John Gibbons had joined us at this point and Brayan demonstrated the adjustment Gibby asked him to make: turn and sweep the glove low to the ground between the runner and the plate. If the play happens again, that’s what Brayan plans on doing.
And now you can watch for it.
Billy’s game plan
Billy Butler was sitting at his locker relaxing before the game, and I asked him who Baltimore had on the mound that night. (Yes, I could’ve checked the lineup card, but Billy was sitting right there.) Turns out it was Zach Britton (as you know by now). I asked what he had and Billy said he was a sinkerballer.
“So do you set your sights low?”
“No, you make him get it up.” So wait for a mistake and don’t miss it when you get it. Billy apparently got a couple of them.
More notes from Wednesday’s game
I found a few notes I made and missed the other day, so here they are:
You might already know this, but most triples are to right and the best time to go for third is with one down (there are exceptions). It’s hard to triple to left because of the shorter throw and a runner doesn’t want to make the first or third out at third. All this crossed my mind when Alcides Escobar put a ball down in the right field corner Wednesday night in the 2nd inning. Most fans may know all this, but some don’t. Now they do.
Luke Hochevar did that quick pitch thing he does where he shortens his windup and the hitter, Mark Reynolds fouled the pitch back. So it didn’t work, right? Well, the quick pitch was a 92-mph sinker and the next pitch was an 87-mph slider. Reynolds was well out in front on the slider and struck out, so maybe the quick pitch worked — one pitch later. Hoch told me speeding up or delaying the windup is just one more way to mess with the hitters’ timing.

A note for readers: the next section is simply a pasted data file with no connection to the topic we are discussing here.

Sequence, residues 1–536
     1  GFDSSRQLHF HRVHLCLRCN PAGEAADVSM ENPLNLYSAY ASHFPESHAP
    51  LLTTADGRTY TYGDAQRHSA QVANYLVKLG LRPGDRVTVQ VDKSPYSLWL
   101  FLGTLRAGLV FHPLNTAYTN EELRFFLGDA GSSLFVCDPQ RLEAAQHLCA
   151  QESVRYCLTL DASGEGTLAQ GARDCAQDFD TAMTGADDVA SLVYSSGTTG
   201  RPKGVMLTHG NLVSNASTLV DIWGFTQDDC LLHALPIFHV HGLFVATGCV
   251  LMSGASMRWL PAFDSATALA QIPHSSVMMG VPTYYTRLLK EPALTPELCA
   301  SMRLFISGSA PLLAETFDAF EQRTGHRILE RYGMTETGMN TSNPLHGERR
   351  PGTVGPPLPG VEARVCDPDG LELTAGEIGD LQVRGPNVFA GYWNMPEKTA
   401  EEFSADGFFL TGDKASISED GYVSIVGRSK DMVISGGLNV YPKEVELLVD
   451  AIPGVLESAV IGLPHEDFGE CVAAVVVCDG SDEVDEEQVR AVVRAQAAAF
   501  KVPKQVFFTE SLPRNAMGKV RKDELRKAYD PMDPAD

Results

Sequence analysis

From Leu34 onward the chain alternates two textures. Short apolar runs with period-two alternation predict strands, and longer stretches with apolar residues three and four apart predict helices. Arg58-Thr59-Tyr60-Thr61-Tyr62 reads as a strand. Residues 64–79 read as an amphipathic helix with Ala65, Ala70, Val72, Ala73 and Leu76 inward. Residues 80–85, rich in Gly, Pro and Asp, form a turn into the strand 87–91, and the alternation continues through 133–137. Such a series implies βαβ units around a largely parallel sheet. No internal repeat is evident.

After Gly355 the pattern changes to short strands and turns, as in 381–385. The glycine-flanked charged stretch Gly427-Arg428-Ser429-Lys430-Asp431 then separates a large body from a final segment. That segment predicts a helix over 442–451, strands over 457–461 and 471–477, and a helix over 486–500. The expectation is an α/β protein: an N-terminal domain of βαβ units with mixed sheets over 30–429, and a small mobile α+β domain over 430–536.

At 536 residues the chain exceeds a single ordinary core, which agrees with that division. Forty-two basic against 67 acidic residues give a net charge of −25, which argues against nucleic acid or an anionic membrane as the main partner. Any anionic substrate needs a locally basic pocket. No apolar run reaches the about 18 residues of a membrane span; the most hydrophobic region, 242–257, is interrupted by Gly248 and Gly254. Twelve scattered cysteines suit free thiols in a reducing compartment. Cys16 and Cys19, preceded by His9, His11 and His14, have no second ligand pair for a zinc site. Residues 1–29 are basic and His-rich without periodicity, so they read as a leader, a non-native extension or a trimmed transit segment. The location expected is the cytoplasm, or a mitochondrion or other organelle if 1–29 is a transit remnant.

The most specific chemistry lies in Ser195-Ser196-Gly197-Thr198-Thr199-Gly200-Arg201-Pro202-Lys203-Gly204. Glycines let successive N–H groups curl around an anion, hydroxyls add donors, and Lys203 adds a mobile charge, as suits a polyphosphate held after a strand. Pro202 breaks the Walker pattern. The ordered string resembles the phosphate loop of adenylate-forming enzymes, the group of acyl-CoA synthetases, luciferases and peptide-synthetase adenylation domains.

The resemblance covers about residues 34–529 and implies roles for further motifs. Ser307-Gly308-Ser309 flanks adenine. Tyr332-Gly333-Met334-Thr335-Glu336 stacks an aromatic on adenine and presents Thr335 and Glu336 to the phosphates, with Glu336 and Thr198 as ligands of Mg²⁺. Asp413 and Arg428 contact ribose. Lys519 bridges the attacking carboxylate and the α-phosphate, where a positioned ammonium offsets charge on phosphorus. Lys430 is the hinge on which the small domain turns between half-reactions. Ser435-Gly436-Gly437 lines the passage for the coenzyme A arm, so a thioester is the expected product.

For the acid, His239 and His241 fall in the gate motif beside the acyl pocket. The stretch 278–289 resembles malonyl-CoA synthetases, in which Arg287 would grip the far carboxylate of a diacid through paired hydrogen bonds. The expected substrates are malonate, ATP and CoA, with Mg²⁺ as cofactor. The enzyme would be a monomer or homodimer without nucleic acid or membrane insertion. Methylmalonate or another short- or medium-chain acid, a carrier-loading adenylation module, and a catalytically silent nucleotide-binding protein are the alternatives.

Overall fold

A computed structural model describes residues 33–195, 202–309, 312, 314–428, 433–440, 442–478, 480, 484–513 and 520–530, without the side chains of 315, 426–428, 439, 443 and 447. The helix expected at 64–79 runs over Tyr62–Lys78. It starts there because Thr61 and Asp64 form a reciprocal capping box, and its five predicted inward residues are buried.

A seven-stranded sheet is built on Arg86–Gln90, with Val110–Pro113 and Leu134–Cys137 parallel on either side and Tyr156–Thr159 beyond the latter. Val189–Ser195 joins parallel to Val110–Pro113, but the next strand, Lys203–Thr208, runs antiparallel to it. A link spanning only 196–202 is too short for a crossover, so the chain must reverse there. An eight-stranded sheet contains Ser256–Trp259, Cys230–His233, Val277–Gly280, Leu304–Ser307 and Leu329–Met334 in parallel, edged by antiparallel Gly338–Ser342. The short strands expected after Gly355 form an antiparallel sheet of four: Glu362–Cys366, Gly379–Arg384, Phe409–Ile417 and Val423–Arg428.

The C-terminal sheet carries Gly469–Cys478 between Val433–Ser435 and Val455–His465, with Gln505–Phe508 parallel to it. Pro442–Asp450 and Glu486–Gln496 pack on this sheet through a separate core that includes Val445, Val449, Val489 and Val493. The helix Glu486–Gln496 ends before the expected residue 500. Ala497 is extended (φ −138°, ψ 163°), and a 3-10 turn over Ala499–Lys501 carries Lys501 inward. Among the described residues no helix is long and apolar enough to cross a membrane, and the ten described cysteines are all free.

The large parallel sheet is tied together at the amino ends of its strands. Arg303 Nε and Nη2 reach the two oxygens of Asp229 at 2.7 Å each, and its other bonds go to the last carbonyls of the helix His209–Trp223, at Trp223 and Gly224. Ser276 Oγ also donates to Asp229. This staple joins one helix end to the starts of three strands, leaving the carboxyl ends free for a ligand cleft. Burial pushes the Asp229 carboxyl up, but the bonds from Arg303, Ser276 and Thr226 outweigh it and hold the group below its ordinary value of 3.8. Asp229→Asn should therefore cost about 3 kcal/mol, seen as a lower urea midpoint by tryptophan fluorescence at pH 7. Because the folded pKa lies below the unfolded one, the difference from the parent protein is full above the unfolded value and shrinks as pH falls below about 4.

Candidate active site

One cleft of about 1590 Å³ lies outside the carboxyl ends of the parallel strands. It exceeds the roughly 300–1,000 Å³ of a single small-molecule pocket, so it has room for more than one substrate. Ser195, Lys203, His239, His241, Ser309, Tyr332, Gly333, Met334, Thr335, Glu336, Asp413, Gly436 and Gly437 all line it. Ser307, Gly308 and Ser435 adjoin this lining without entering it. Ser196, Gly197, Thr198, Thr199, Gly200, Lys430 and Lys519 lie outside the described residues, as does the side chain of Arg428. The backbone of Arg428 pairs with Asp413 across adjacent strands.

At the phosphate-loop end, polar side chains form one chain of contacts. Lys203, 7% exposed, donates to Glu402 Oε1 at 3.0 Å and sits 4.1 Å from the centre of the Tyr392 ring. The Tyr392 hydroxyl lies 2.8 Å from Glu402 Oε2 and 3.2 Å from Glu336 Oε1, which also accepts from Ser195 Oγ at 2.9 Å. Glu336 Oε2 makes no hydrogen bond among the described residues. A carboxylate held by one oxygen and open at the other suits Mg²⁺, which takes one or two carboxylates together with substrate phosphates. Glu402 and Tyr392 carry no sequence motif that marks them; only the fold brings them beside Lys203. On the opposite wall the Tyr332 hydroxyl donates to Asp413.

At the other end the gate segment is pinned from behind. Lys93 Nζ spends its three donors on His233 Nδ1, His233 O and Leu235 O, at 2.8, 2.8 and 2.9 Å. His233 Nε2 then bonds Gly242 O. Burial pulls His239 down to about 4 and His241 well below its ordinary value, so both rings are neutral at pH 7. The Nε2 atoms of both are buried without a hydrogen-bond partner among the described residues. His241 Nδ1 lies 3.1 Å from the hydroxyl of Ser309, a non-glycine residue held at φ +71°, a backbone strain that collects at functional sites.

Alex Gordon made a diving catch Wednesday night. If you watched his reaction it was pretty cool, which got me to thinking: if Alex does something well there’s not much reaction from him. When things go wrong, there’s still not much reaction from him. He’s got a very even demeanor no matter the outcome of a play. What changes is fan reaction: if a guy fails and stays cool, he must not care. If he succeeds and stays cool, he’s a steady player. Sometimes what we think about players comes from us, not them.
With runners on first and second, Manny Pina hit a sinking line drive to right field. There were fewer than two outs so the runners had to hang. This can be a very tough judgment call for a runner: too short a lead and the runner can be forced at second if the ball drops. Too long a lead and the runner can be doubled off if the ball’s caught. The right choice is shorter rather than longer. Being forced at the next base is one out, being doubled off is two.
One last thing
While Brayan and I stood at home plate, John Gibbons told some pretty funny stories. We got on the subject of retaliation when a hitter gets drilled and Gibby said there are times a player can figure out he’s the one the other side is going to hit to get even.
Usually it’s by position, batting order or importance: you hit our first baseman, we’ll hit yours/ you hit our No. 3 hitter, we’ll hit yours/ you hit our star player, we’ll hit yours.
The funny part is once a player figures out he’s likely to get drilled, he might start pleading his case with someone on the other side. “Boy, I’m not sure that when our pitcher hit your guy it was intentional.” Sounds like lobbying the other side rarely works and guys are walking to the plate knowing they’re going to have to “wear one.”
I know just how they feel.
Royals Hosmer shows Lee Judge footwork around first base
Kansas City Royals first baseman Eric Hosmer demonstrates the footwork around first base when playing the position. July 22, 2011 (Video by John Sleezer/The Kansas City Star)